Syllabus– General Studies 1 (Child Rights)
- The pandemic and resulting lockdowns might have pushed a large number of children into child labour.
- The true extent of the impact of the COVID-19 pandemic on child labour is yet to be measured but all indications show that it would be significant as children are unable to attend school and parents are unable to find work.
- However, not all the factors that contribute to child labour were created by the pandemic; most of them were pre-existing and have been exposed or amplified by it.
What is child labour?
International labour Organization defines Child Labour as- Work that deprives children of their childhood, their potential and their dignity, and that is harmful to physical and mental development. It refers to work that:
- is mentally, physically, socially or morally dangerous and harmful to children; and/or
- Interferes with their schooling by: depriving them of the opportunity to attend school; obliging them to leave school prematurely; or requiring them to attempt to combine school attendance with excessively long and heavy work.
- 152 million children around the world are still in child labour, 73 million of them in hazardous work.
- Census of India 2011 reports 10.1 million working children in the age group of 5-14 years, out of whom 8.1 million are in rural areas mainly engaged as cultivators (26%) and agricultural labourers (32.9%)
- UNESCO estimates based on the 2011 Census record 1 million children as “out of school” (18.3% of total children in the age group of 6-13 years).
- A Rapid Survey on Children (2013-14), jointly undertaken by the Ministry of Women and Child Developmentand UNICEF, found that less than half of children in the age group of 10-14 years have completed primary education.
- Policy interventions such as the
- Mahatma Gandhi National Rural Employment Guarantee Act (MGNREGA) 2005,
- he Right to Education Act 2009 and
- the Mid Day Meal Scheme have paved the way for children to be in schools along with guaranteed wage employment (unskilled) for rural families.
- Concerted effort towards convergence of government schemes is also the focus of the implementation of the National Child Labour Project.
- Ratifying International Labour Organization Conventions 138 and 182 in 2017, the Indian government further demonstrated its commitment to the elimination of child labour including those engaged in hazardous occupations.
- The Ministry of Labour and Employment-operated online portalallows government officials, law enforcement agencies and non-governmental organisations to share information and coordinate on child labour cases at the national, State and local levels for effective enforcement of child labour laws.
While child labour has declined during the past decade globally, estimates indicate that the rate of reduction has slowed by two-thirds in the most recent four-year period.
Impact of Pandemic and Lockdowns
- With closure of schools and challenges of distance learning, children may drop out leaving little scope for return unless affirmative and immediate actions are taken.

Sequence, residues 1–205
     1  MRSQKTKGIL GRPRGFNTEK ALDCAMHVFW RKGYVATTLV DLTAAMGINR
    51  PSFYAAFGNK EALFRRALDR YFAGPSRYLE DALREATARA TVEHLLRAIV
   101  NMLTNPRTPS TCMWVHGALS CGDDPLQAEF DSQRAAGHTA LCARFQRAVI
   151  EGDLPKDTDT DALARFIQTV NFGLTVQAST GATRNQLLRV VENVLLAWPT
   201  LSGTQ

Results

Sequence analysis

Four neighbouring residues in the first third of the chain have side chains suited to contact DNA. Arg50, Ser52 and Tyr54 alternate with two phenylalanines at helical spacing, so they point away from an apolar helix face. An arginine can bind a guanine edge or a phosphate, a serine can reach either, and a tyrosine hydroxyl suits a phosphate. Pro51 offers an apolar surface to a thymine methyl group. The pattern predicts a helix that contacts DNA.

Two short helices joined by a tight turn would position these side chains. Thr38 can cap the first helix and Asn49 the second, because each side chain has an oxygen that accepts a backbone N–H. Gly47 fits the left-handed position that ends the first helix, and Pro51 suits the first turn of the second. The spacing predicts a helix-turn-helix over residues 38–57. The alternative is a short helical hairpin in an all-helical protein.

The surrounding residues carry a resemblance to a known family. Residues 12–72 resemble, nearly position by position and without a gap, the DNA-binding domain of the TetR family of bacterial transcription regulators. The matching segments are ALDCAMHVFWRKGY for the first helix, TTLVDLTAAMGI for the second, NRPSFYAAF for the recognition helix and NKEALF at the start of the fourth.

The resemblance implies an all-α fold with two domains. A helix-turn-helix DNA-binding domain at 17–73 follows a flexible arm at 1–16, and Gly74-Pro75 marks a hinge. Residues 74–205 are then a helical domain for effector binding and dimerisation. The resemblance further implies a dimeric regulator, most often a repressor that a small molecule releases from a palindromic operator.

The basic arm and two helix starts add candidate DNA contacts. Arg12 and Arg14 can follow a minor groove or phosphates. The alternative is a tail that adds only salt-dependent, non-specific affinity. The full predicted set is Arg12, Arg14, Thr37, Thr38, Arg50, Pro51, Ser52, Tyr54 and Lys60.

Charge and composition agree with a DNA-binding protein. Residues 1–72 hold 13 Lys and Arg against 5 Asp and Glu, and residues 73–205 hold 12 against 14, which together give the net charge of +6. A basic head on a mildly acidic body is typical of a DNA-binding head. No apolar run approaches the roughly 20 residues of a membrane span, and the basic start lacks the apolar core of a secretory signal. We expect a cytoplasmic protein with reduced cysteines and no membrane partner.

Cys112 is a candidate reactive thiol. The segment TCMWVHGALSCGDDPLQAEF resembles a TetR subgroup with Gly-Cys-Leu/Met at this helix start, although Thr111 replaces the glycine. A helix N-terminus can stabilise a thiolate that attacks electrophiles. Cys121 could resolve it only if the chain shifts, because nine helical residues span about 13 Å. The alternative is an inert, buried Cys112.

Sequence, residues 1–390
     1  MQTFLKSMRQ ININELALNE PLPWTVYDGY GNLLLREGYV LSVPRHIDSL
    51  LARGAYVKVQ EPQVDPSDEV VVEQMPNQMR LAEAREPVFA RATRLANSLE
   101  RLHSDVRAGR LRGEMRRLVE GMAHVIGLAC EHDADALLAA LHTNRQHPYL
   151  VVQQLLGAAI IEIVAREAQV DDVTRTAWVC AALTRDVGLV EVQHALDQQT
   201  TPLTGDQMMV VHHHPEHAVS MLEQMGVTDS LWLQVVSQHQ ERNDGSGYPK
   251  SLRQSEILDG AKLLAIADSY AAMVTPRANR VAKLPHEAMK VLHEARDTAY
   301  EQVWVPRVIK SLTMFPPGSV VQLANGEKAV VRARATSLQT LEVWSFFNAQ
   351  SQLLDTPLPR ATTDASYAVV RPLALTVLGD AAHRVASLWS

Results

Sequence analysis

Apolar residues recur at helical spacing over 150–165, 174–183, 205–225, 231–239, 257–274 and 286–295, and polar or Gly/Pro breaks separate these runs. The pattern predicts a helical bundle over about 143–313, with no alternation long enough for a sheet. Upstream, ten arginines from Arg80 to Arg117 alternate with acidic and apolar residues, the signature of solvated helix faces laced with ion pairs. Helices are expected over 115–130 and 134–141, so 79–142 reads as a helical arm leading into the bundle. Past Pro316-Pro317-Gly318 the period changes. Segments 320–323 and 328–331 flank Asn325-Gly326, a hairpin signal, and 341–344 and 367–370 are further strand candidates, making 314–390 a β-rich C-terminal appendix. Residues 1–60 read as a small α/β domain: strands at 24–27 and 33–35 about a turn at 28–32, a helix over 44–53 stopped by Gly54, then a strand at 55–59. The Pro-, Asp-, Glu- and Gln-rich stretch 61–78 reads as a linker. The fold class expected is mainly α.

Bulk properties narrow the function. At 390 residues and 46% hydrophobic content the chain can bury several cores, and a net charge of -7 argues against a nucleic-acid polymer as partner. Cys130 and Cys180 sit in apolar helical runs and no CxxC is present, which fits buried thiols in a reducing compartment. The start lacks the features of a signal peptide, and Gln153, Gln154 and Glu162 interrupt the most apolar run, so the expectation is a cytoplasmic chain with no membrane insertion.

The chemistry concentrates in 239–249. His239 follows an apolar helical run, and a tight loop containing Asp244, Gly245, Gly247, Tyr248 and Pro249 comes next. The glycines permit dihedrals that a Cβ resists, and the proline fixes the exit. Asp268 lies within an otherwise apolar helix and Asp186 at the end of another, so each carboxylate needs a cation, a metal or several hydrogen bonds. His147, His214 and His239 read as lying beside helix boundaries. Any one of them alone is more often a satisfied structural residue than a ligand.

- As many schools and educational institutions are moving to online platforms for continuation of learning, the ‘digital divide’ is a challenge that India has to reconcile within the next several years.
- The NSS Report suggests that in 2017-18, only 24% of Indian households had access to an Internet facility, proportions were 15% among rural households and 42% among urban households.
- The Annual Status of Education Report (ASER) 2020 survey highlights that a third of the total enrolled children received some kind of learning materials from their teachers during the reference period (October 2020) as digital mode of education was opted for.
- Work performed may not appear to be immediately dangerous, but it may produce long-term and devastating consequences for their
- Education and
- skills acquisition, and hence
- Their future possibilities to overcome the vicious circle of poverty, incomplete education and poor quality jobs.
- Right level of commitment among all the relevant stakeholders and the right mix of policy and programmatic interventions are present.
- It is through strategic partnerships and collaborations involving government, employers, trade unions, community-based organisations and child labour families that we could make a difference building back better and sooner.
- As we reinforce the commitment to protect children from unacceptable forms of work, our focus to mitigate the aftermath of the pandemic also remains.
- We need a strong alliance paving our way towards ending child labour in all its forms by 2025 as countries around the world have agreed to in Sustainable Development Goal 8.7.
All the stakeholders— governments, employers, unions, civil society organisations and even individuals — must rise and pledge to ‘Take Action against Child Labour’ as a part of the UN’s declaration of 2021 as the International Year for the Elimination of Child Labour. Our actions today will determine the future of children tomorrow.
Question-Describe the impacts of pandemic and resulting lockdowns on child labour. Also suggest policy measures to prevent children from such situations.